How do people hope to do this? By deciphering the genetic code, altering the natural rules of sexuality, defying the limits of death. In what might be termed a classical New Age account, people are born with a divine spark, in a sense which is reminiscent of ancient gnosticism; this links them into the unity of the Whole. So they are seen as essentially divine, although they participate in this cosmic divinity at different levels of consciousness.

We are co- creators, and we create our own reality. Many New Age authors maintain that we choose the circumstances of our lives even our own illness and health , in a vision where every individual is considered the creative source of the universe. But we need to make a journey in order fully to understand where we fit into the unity of the cosmos. The journey is psychotherapy, and the recognition of universal consciousness is salvation.

There is no sin; there is only imperfect knowledge. The identity of every human being is diluted in the universal being and in the process of successive incarnations. People are subject to the determining influences of the stars, but can be opened to the divinity which lives within them, in their continual search by means of appropriate techniques for an ever greater harmony between the self and divine cosmic energy.

There is no need for Revelation or Salvation which would come to people from outside themselves, but simply a need to experience the salvation hidden within themselves self-salvation , by mastering psycho- physical techniques which lead to definitive enlightenment. Some stages on the way to self-redemption are preparatory meditation, body harmony, releasing self-healing energies.

The destiny of the human person is a series of successive reincarnations of the soul in different bodies. This is understood not as the cycle of samsara, in the sense of purification as punishment, but as a gradual ascent towards the perfect development of one's potential. Yoga, zen, transcendental meditation and tantric exercises lead to an experience of self-fulfilment or enlightenment.

Since there is only one Mind, some people can be channels for higher beings. Every part of this single universal being has contact with every other part. The classic approach in New Age is transpersonal psychology, whose main concepts are the Universal Mind, the Higher Self, the collective and personal unconscious and the individual ego. The Higher Self is our real identity, a bridge between God as divine Mind and humanity.

Spiritual development is contact with the Higher Self, which overcomes all forms of dualism between subject and object, life and death, psyche and soma, the self and the fragmentary aspects of the self. Our limited personality is like a shadow or a dream created by the real self. The Higher Self contains the memories of earlier re- incarnations.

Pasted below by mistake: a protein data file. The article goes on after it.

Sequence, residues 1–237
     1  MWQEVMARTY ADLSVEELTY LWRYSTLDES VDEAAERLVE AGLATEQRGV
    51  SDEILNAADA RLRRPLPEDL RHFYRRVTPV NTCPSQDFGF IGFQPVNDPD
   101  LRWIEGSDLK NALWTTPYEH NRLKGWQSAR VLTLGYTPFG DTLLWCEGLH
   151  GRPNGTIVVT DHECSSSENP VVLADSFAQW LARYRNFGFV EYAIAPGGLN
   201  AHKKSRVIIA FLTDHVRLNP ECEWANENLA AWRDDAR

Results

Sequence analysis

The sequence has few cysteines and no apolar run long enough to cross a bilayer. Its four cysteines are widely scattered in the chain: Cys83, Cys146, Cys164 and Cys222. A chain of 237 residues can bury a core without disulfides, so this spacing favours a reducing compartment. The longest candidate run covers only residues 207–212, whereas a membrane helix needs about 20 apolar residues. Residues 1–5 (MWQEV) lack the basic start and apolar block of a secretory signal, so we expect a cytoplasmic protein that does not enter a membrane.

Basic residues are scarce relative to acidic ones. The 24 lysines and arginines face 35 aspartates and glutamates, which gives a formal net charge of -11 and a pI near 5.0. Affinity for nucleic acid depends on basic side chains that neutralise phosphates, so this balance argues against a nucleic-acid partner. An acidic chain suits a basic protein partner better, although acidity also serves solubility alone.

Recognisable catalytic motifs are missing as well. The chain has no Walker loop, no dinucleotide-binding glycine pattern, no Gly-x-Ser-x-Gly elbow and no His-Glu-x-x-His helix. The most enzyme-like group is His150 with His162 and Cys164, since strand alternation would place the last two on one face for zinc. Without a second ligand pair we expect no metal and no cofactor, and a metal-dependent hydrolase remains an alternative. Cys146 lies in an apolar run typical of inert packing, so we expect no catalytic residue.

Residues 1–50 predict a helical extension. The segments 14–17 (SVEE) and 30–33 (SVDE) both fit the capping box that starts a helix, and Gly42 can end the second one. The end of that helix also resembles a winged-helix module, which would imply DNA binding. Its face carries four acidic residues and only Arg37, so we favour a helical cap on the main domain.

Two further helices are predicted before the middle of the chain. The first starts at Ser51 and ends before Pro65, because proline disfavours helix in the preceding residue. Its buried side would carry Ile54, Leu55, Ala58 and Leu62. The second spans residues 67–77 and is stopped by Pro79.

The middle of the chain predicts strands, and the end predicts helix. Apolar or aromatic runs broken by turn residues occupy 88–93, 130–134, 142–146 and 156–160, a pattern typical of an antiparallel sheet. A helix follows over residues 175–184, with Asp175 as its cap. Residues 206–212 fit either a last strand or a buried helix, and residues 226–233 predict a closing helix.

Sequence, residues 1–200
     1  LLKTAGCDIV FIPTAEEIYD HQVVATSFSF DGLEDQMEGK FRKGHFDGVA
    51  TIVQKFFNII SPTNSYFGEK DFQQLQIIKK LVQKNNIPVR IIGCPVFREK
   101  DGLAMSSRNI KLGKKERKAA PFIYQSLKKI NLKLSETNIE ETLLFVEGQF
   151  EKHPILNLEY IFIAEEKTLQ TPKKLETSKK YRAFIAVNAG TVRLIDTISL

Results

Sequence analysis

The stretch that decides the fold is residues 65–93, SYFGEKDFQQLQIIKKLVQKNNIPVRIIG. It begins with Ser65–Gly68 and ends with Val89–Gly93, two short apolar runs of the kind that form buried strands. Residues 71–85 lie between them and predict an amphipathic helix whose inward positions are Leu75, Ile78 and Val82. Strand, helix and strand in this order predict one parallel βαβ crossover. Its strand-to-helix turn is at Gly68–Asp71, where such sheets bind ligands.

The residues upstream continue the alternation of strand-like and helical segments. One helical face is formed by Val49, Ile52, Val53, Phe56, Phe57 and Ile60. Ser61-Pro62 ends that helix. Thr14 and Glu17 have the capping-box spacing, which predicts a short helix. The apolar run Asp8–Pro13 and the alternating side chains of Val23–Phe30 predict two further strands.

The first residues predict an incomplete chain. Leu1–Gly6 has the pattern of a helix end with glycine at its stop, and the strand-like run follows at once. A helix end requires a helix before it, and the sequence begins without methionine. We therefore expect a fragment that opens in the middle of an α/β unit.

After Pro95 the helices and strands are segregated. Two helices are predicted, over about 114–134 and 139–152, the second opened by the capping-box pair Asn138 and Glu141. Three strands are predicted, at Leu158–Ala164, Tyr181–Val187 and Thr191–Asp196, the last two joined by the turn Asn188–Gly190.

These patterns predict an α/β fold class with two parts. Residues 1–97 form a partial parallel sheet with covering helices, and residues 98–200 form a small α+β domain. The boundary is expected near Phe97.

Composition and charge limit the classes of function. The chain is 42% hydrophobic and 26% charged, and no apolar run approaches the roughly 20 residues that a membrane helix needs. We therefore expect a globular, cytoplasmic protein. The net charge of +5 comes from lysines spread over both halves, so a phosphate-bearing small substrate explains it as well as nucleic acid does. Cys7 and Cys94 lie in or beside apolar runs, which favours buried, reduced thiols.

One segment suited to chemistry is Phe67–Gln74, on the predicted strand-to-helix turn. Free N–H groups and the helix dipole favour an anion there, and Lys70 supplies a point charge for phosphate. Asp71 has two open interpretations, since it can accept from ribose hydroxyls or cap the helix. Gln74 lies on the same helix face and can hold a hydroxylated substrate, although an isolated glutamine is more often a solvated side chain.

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New Age has a marked preference for Eastern or pre-Christian religions, which are reckoned to be uncontaminated by Judaeo-Christian distorsions. Hence great respect is given to ancient agricultural rites and to fertility cults. There is talk of God, but it is not a personal God; the God of which New Age speaks is neither personal nor transcendent. This unity is monistic, pantheistic or, more precisely, panentheistic. In a sense, everything is God. There is also talk of Christ, but this does not mean Jesus of Nazareth. Every historical realisation of the Christ shows clearly that all human beings are heavenly and divine, and leads them towards this realisation.

The universe is an ocean of energy, which is a single whole or a network of links. There is no alterity between God and the world. The world is uncreated, eternal and self-sufficient The future of the world is based on an inner dynamism which is necessarily positive and leads to the reconciled divine unity of all that exists. God and the world, soul and body, intelligence and feeling, heaven and earth are one immense vibration of energy.

The global brain needs institutions with which to rule, in other words, a world government. Everything in the universe is interelated; in fact every part is in itself an image of the totality; the whole is in every thing and every thing is in the whole. Every human person is a hologram, an image of the whole of creation, in which every thing vibrates on its own frequency.


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Every human being is a neurone in earth's central nervous system, and all individual entities are in a relationship of complementarity with others. In fact, there is an inner complementarity or androgyny in the whole of creation. We are learning to read tendencies, to recognise the early signs of another, more promising, paradigm.